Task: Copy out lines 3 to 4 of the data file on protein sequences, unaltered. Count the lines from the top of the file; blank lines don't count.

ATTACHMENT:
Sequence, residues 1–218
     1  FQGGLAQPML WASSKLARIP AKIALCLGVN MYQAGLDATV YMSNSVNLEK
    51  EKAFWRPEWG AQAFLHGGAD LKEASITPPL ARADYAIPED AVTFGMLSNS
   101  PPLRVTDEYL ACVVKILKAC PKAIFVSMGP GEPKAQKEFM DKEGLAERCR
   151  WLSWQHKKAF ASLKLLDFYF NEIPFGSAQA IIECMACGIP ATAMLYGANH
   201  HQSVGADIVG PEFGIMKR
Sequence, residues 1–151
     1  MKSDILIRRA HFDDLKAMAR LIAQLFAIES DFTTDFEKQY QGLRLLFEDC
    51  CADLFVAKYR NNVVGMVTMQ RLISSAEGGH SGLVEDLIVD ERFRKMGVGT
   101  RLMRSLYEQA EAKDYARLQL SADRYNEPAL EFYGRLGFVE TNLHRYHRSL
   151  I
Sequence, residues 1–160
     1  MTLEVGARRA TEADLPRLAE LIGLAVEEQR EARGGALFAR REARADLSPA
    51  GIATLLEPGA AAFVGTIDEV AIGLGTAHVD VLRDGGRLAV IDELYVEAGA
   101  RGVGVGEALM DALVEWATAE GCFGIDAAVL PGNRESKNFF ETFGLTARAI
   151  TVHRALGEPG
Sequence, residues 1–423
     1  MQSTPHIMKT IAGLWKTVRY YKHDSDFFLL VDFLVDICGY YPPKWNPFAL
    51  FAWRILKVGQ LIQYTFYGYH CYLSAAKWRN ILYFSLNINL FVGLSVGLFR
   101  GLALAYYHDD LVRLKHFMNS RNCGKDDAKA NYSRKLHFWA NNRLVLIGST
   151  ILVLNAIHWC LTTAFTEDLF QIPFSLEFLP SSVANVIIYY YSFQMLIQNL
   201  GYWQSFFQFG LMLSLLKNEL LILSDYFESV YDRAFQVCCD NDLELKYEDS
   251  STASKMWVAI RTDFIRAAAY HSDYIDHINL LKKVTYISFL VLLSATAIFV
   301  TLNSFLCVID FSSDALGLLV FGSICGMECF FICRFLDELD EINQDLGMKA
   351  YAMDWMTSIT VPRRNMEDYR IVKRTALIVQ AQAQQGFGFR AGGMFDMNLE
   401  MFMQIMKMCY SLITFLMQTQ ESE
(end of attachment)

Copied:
    51  EKAFWRPEWG AQAFLHGGAD LKEASITPPL ARADYAIPED AVTFGMLSNS
   101  PPLRVTDEYL ACVVKILKAC PKAIFVSMGP GEPKAQKEFM DKEGLAERCR